Korean Demilitarized Zone 2022 Series
This series made up of four pictures relates my visit to the Korean Demilitarized Zone (DMZ) in August 2022. This zone represents the divide of the Korean Peninsula, the separation of families, the war that raged from 1950 to 1953 between both Koreas, the millions of deaths, but it also represents armistice, hopes of reunification, and longing for peace.
To create this series, I selected pictures that I took during my visit at the Korean Demilitarized Zone and that spoke to me weeks after the fact. I realized the power they held only after discussing about the visit with my entourage – and that’s when I knew that I had to give voice to these pictures.
The pictures in this series are treated as documentary material. They were not planned, were not reframed. They were taken on the moment, hastily sometimes, in non-ideal conditions. I want to shed some light on the visit of the Korean Demilitarized Zone as a non-Korean individual, with a critical eye. In this series, I do not take a side for one country or the other. Rather, I want to show the various ways we can understand the DMZ and the propaganda surrounding it.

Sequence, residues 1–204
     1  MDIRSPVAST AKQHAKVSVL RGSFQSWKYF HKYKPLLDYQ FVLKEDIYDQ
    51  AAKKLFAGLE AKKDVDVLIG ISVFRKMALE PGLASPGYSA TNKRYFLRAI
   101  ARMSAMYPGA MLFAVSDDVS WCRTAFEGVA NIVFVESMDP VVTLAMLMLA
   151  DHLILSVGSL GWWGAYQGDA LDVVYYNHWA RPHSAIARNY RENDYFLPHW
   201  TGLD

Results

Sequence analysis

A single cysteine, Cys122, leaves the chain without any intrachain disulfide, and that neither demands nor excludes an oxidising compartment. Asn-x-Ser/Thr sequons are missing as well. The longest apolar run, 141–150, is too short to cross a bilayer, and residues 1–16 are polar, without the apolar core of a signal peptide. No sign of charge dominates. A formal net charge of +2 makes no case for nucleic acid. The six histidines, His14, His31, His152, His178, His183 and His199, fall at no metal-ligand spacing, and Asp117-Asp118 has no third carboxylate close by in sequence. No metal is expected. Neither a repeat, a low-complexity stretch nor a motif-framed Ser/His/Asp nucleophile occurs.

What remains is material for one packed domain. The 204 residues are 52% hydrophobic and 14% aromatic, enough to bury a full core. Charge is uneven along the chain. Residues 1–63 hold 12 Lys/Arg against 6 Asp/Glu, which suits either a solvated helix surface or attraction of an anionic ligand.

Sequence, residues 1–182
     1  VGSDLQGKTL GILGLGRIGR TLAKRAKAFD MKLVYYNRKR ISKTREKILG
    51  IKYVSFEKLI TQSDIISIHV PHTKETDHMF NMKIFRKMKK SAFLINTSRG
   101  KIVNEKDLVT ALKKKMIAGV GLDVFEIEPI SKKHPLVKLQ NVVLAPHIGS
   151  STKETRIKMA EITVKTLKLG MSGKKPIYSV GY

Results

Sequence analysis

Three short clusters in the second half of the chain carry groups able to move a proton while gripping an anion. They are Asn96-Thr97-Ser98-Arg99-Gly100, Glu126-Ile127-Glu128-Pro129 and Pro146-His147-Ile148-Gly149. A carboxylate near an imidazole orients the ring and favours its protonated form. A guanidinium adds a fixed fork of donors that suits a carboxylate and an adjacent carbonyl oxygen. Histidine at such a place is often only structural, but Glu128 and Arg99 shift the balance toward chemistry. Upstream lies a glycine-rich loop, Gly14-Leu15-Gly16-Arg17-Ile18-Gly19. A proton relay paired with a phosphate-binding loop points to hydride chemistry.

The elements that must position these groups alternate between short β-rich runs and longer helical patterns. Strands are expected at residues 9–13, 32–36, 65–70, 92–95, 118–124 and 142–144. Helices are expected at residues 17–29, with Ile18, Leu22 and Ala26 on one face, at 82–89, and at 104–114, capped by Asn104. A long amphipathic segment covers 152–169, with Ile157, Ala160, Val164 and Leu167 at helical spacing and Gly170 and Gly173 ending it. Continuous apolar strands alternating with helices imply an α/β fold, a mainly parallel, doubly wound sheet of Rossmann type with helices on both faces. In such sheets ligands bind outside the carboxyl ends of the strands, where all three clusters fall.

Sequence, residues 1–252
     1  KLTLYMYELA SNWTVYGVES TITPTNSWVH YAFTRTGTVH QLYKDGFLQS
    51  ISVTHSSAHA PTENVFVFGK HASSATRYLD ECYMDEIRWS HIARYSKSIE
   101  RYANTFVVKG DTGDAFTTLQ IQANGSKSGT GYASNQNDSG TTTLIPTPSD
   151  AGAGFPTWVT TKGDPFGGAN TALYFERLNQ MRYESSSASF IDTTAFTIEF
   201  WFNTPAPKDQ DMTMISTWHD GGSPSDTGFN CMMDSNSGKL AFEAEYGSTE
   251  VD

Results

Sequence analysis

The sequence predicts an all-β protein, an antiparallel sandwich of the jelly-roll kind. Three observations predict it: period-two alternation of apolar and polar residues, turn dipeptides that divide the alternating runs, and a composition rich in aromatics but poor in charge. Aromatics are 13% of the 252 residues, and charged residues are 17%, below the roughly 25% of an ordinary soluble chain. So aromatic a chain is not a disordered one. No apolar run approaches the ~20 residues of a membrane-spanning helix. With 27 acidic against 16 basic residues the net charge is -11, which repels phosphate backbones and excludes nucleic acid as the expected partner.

While on the tour bus, we drove past barbed wires along the Imjin river (임진강). When I was taking pictures of the fence, a vacant guard post popped up in front of me. The tour guide then proceeded to explain to us that some people tried crossing the river to flee the North, some succeeding and some failing, either by drowning or being shot at by Northern or Southern guards.
While playing around with the picture, I decided to try to make the guard post disappear within the pixels, but it was impossible. This piqued my interest and interpreted this as the fact that it is impossible to hide the spatial militarization and the violent past of conflicts. Imjin river will never simply be a river. It will always carry the weight of war and of lost lives, no matter the future relations of both Koreas.